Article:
Cytokine upregulation in a murine model of familial amyotrophic lateral sclerosis

Research output: Contribution to journalArticle

152 Scopus citations

Abstract

Although pronounced changes in astrocytes and microglia accompany the neuronal degeneration observed in a murine model of familial amyotrophic lateral sclerosis, the significance of non-neuronal cell contribution to the disease process remains unclear. Activated astrocytes and microglia are capable of secreting numerous cytokines, some of which may have potentially harmful effects on neuron survival. For this reason we wished to determine the expression pattern of various cytokines in the spinal cords of transgenic mice expressing a Cu-Zn superoxide dismutase mutation (Tgn G93A SOD1) by using semi-quantitative RT-PCR. Three different patterns of cytokine expression were observed in G93A SOD1 transgenic mice. For most cytokines, we were unable to detect mRNA expression in Tgn G93A SOD1 mouse spinal cords at any age, yet message was readily detected in spleen or activated splenocytes. A second pattern, typified by TNF-α, was characterized by mRNA expression prior to the onset of motor deficits and increasing until the terminal stages of the disease. For other cytokines, including TGF-β1 and M-CSF, mRNA expression was detected in young presymptomatic Tgn G93A SOD1 mice (as well as wild-type and transgenic mice expressing wild-type SOD1 (Tgn SOD1)), with upregulation later occurring only in G93A SOD1 transgenic mice. These results indicate a temporal correlation between the expression of certain cytokines and the onset of motor dysfunction in Tgn G93A SOD1 mice and suggest a potential role for these molecules in the disease.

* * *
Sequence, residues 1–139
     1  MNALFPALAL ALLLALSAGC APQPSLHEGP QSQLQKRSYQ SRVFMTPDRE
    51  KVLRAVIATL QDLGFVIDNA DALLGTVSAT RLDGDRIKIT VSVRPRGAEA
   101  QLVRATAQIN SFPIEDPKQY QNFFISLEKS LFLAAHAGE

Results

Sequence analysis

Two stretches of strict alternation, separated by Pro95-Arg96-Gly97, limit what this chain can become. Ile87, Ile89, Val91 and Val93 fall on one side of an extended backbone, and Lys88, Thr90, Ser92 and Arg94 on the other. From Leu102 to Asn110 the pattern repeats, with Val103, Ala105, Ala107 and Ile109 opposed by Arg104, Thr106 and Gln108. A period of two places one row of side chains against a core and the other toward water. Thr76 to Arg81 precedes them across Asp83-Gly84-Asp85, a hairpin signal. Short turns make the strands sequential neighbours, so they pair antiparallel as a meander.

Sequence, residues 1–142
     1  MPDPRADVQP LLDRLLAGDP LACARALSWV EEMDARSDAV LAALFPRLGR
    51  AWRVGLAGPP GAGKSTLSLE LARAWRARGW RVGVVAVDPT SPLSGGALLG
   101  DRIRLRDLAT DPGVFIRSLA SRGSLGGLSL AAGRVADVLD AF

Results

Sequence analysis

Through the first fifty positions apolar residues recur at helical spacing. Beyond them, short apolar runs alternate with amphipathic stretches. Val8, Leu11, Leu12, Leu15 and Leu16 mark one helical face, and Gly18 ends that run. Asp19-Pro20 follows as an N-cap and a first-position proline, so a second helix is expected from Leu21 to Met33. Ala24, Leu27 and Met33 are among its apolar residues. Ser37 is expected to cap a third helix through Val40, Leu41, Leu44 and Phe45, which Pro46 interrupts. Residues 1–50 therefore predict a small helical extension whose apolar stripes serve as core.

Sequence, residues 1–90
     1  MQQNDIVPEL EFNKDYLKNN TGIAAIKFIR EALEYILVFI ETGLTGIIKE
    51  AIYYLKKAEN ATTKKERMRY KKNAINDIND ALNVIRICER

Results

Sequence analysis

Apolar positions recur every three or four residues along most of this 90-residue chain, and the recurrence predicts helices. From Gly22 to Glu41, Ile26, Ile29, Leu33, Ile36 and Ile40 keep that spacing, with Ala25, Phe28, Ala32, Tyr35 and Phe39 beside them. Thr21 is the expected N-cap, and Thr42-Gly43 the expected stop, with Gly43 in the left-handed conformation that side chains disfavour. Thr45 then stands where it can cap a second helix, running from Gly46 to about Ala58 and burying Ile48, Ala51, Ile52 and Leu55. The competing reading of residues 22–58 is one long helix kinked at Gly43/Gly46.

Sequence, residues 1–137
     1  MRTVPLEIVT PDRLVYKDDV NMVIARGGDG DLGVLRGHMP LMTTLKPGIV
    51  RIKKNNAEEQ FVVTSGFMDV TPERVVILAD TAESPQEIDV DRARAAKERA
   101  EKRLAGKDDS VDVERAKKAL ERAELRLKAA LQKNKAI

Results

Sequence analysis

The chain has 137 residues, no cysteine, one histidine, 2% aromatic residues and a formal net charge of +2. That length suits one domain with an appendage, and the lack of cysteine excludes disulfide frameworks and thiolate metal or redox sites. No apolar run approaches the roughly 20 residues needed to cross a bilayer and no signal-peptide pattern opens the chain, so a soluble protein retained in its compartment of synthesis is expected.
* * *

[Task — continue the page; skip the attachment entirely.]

Original languageEnglish (US)
Pages (from-to)172-178
Number of pages7
JournalMolecular Brain Research
Volume95
Issue number1-2
DOIs
Publication statusPublished - Nov 1 2001

    Fingerprint

Keywords

  • Glia
  • Interleukin
  • Superoxide dismutase
  • TGF-β
  • TNF-α

ASJC Scopus subject areas

  • Molecular Biology
  • Cellular and Molecular Neuroscience

Cite this